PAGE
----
achieving a sustainable justice system requires whole-systems thinking, meaning that individual pieces of the system cannot be optimized in isolation, either from one another or from the justice system as a whole. Whole-systems thinking provides the opportunity to solve many problems more effectively and at lower cost. For example, speedier trials and supervised community-based alternatives to incarceration are quicker to deploy and cheaper to operate than building new jail beds to hold people awaiting trial.1
One goal in combining both the provincial and federal justice systems within the same complex was to reinforce the public perception the two types of courts are not wholly distinct from one another. Another goal was the efficiency in space planning and the flexibility in use that comes from providing facilities for two courts systems together in a high-rise configuration.
Typically, provincial and federal courts would be housed in separate facilities, but this has led to inefficiencies and delays due to the fluctuating demand for court space and uncertainty in the duration of trials. While the CCC has designated spaces for the two systems, each courtroom can serve the needs of either, improving the overall efficiency of building use and expediting the justice system’s processes.
Both levels of court serve a diverse range of trials and other ceremonies resulting in large differences in size, level of security, and space capacity. Many chambers within the courthouse were designed with numerous community groups in mind. Transformative and collaborative approaches to justice, such as alternative dispute resolution and aboriginal sentencing circles, were considered during the design phase to create a holistic building.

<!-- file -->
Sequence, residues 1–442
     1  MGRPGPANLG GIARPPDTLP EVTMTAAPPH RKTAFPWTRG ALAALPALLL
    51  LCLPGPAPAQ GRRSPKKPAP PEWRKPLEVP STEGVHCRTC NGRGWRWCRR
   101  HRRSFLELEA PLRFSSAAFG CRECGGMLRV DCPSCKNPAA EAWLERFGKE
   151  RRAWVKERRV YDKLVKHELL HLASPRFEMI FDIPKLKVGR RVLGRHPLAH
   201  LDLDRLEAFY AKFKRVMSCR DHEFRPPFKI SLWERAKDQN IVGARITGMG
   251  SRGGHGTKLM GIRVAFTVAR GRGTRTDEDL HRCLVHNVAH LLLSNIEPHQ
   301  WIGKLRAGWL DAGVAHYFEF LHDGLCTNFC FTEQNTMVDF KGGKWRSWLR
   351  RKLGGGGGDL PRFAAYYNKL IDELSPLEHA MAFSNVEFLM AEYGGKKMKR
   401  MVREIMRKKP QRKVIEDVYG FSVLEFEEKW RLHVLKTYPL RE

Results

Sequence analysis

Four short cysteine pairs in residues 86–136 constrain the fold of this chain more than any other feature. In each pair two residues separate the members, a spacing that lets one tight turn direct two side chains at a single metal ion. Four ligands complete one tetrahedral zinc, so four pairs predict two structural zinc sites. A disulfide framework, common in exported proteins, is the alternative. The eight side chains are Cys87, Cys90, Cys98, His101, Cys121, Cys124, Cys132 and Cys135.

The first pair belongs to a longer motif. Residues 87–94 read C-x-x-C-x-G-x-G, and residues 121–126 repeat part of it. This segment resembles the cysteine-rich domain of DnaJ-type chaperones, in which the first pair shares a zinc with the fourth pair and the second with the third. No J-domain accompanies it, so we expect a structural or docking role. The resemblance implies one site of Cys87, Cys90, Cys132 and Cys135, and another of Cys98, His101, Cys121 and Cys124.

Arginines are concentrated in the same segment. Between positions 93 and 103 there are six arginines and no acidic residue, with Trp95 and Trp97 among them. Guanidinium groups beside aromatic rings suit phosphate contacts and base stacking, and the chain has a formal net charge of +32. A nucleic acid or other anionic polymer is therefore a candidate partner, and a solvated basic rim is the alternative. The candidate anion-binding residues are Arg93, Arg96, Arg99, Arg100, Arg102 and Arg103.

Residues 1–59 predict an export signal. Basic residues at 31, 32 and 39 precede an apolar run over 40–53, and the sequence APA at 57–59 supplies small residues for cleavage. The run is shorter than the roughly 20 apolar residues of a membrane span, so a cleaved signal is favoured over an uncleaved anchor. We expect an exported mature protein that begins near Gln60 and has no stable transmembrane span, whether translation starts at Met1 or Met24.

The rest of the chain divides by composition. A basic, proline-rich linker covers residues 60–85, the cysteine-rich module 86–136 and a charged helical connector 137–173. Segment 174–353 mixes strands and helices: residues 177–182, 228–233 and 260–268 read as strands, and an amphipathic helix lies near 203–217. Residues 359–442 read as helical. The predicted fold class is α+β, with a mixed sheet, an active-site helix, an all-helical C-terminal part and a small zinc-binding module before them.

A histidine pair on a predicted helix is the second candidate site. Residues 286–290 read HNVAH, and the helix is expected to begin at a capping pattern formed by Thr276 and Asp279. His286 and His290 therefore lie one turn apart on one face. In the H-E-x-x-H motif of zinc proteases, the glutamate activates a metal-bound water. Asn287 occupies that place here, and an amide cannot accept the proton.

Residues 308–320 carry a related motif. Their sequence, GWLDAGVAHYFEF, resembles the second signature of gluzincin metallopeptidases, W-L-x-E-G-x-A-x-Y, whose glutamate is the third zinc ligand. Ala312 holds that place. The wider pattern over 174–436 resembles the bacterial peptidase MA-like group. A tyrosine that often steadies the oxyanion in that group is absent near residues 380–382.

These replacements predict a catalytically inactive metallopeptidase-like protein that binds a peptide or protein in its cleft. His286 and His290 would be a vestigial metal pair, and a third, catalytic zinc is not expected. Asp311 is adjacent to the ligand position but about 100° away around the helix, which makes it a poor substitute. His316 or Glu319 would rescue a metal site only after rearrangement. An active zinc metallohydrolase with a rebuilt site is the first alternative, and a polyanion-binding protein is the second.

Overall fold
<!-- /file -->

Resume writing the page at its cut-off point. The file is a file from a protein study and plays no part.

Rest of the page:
In order to accommodate the changing Calgary climate, designers worked with mechanical engineers Hemisphere Engineering to install a building pressurization control system to accommodate pressure differentials and compensate for the huge differences in indoor and outdoor temperatures. Similarly, HVAC systems installed include high-efficiency exhaust-air-heat recovery and energy-efficient chillers designed for 0.5 kW/tonne performance, condensing boilers, and sophisticated electronic building control and automation systems. Further features include extended media filtration and steam humidification. Boiler and chilled water plants are designed for ‘low-flow high-delta T’ for enhanced pumping efficiencies.